Monday, January 11, 2009, NYC’s Health Commissioner Thomas Farley announced salt reduction targets for restaurants and food manufacturers. Farley said that this was done to prevent premature deaths from heart attacks and strokes. Michael Alderman, Professor at NYC’s Albert Einstein College of Medicine stated that “the available data provide no support for any universal recommendation of a particular level of dietary sodium.” Now NYC’s Mayor Bloomberg wants to ban restaurants from preparing food with salt.

THE FACTS: Sodium intake does not vary much around the world. When we examined the data from over 19,000 people from 33 countries including the United States, we found that sodium intake ranged from 2,700 – 4,900 mg daily. This may be because sodium appetite (or behaviors that drive us to consume salt) causes us to naturally regulate our salt intake within a narrow range. It fact, if sodium intake is too low, blood pressure can actually increase. If sodium intake is too high, blood pressure can also increase. In carefully controlled experiments, Norman Hollenberg, Harvard Medical School, found that when people were given high levels of sodium, 8050 mg per day, there was no effect on blood pressure. An increase to 18,400 mg did increase blood pressure. The lower level is much higher than what the average American consumes.

There are over 50 studies that show when sodium is low, insulin sensitivity decreases. In one study, lowering sodium from ~ 3,500 mg/day to ~ 900 mg/day decreased insulin sensitivity in people who have Type 2 Diabetes. This makes it harder to control blood glucose.

For people at high risk for heart disease, there is some justification to restrict sodium intake. Salt can increase blood pressure in some people who are older, black, salt sensitive and those who have kidney damage.  But, based on a study done in Italy, even for high risk patients, the data are not clear. My practical advice is if you have high blood pressure, you should work with your doctor to see what approach works best including taking certain drugs.

WHO MAY NEED EXTRA SALT?: People who work and exercise in hot and humid environments like during the summer in Davis; athletes who run marathons; football players; tennis players. They can collapse from heat stroke and even die.

MY BOTTOM LINE: NYC’s campaign to “Hold the Salt” is misguided and not based in science. It cannot change our physiology. It violates the principle to “Do no harm.”

Some References

Alderman MH. 2006. Evidence relating dietary sodium to cardiovascular disease. J Am College Nutr. 25:256S-261S.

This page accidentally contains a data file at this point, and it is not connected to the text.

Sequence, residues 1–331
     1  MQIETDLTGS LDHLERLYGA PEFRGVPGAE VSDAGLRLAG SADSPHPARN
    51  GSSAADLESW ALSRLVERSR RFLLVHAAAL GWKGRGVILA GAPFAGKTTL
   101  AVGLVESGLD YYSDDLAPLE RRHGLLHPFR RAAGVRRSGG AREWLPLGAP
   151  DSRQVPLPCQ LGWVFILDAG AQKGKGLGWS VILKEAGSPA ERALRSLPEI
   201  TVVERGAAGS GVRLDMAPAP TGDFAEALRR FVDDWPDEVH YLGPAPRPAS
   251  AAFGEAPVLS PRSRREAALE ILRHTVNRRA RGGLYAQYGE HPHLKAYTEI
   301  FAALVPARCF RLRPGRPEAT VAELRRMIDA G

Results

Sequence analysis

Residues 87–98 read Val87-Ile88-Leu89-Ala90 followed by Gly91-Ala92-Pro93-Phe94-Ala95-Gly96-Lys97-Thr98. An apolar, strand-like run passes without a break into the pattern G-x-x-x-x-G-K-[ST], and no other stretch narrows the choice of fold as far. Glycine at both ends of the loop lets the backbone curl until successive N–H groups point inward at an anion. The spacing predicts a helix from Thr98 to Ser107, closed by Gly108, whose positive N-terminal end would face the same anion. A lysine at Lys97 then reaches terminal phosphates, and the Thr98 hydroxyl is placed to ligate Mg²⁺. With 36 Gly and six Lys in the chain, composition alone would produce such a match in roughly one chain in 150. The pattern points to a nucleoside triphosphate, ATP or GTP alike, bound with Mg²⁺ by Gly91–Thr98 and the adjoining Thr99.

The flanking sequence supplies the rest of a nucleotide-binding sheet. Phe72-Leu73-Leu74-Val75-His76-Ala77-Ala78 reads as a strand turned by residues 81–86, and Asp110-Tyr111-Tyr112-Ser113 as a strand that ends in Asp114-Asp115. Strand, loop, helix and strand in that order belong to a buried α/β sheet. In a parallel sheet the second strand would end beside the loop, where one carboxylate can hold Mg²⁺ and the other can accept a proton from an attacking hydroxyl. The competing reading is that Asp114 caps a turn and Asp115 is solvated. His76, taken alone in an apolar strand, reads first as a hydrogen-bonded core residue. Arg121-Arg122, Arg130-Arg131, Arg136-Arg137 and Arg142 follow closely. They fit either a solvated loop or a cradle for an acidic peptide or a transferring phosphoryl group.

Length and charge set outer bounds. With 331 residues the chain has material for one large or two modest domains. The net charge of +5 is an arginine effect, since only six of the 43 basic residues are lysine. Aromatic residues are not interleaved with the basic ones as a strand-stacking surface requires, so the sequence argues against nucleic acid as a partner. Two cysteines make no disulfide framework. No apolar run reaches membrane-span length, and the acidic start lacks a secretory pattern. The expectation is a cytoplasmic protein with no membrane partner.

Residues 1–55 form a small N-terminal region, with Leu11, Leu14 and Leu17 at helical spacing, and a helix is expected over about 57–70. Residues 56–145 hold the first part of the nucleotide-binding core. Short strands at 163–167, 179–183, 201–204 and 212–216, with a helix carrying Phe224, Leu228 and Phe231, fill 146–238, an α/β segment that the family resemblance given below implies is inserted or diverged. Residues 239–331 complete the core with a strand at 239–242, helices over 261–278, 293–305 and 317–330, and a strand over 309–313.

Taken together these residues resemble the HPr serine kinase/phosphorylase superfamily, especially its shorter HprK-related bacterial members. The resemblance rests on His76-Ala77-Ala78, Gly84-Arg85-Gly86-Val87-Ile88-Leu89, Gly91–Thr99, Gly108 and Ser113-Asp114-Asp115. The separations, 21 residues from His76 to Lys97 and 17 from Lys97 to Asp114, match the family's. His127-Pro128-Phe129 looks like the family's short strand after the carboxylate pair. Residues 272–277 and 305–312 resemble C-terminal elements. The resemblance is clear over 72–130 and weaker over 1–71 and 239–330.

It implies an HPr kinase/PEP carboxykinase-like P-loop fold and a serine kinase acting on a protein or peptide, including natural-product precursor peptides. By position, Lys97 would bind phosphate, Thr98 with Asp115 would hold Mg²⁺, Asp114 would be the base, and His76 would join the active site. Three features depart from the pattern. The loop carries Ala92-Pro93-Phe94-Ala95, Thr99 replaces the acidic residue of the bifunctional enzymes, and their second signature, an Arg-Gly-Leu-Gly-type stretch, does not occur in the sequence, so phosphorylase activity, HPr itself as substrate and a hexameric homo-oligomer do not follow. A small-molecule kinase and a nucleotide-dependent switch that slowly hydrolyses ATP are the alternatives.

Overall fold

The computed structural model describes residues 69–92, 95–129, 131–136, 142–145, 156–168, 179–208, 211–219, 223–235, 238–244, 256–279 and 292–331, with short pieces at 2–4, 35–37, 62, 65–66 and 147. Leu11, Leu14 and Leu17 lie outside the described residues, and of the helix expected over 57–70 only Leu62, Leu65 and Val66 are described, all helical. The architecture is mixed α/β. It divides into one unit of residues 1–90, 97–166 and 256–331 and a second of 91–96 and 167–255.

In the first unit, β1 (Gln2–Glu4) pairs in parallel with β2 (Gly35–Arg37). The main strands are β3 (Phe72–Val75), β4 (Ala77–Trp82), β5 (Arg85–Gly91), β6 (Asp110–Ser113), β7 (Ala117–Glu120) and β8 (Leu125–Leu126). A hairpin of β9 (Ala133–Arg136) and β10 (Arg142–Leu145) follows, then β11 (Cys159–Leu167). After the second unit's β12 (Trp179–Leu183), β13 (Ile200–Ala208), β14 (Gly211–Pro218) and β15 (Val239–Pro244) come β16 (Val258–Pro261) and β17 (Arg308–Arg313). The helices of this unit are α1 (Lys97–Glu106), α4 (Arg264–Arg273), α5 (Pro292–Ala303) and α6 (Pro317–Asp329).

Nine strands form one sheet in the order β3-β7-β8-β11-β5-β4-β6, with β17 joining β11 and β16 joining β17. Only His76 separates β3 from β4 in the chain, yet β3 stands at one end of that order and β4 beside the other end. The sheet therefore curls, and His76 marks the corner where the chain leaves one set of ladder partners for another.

Franco V, Oparil S. 2006. Salt sensitivity, a determinant of blood pressure, cardiovascular disease and survival. J Am College Nutr. 25:247S-255S.

Hollenberg N. 2006. The influence of dietary sodium on blood pressure. J Am College Nutr. 25:240S-246S.

Logan AG. 2006. Dietary sodium intake and its relation to human health: A summary of the evidence. J Am College Nutr. 25:165-169.

McCarron, DA, Geering JC, Kazaks AG, Stern. JS. 2009. Can Dietary Sodium Intake be Modified by Public Policy? Clinical J Am Soc Nephrology. 4:1878-1882.

Petrie JR, Morris AD, Minamisawa K, Hilditch TE, Elliott HL, Small M, McConnell J. 1998. Dietary sodium restriction impairs insulin sensitivity in noninsulin-dependent Diabetes Mellitus. J Clin Endocrinol Metab. 83:1552-7.

Smith WCS et al. 1988. Urinary electrolyte excretion, alcohol consumption, and blood pressure in the Scottish heart health study. British Med J. 297:329-330.

Fish Oil


You have no way of knowing if certain fish oil capsules have any PCBs. If you want to take fish oil, pick brands that are certified to be free of significant levels of PCBS and other contaminants. Try using a capsule made from flax seed oil. To avoid oxidation, store capsules in the dark at cool temperatures.

Echinacea for Colds and Flu????


I am often asked questions about taking echinacea. One standard question is: I am really worried about getting the flu and I have read that echinacea can prevent it or treat it. Does it?

THE FACTS: Echinecea is made from the Purple Flower plant. A number of people are just like you and take echinacea to prevent and treat flu and colds. The scientific evidence is mixed. Some studies show that taking echinecea at the start of a cold may decrease its duration and intensity. A review paper authored by scientists at the University of Connecticut evaluated 14 different trails. The conclusion was that echinacea can cut the risk of getting a cold by more than half and decrease the duration by 1.4 days. But, three of the 14 studies did not show any effect. Stanford University’s emeritus clinical professor, Dr. Wallace Sampson, criticized the paper because individual studies measured different things and “You can’t correct for that.” A study done at the University of Virginia published in the New England Journal of Medicine, did not find any clinically significant results with respect to infection, duration and intensity of symptoms. To be effective, you have to take echinacea immediately following exposure. To try to prevent colds and flu, you have to take it for a week prior to exposure. This might be helpful if you are going on a plane trip. If you decide to take echinacea, you may experience side effects as gastrointestinal discomfort (common).

WARNING: Echinacea is made from a plant called Purple Flower. People who are allergic to ragweed are often allergic to echinacea. If you take echinacea and get a rash or asthma, stop taking it and see your doctor. Who should not take echinacea? – Women who are pregnant or breast feeding and young children.

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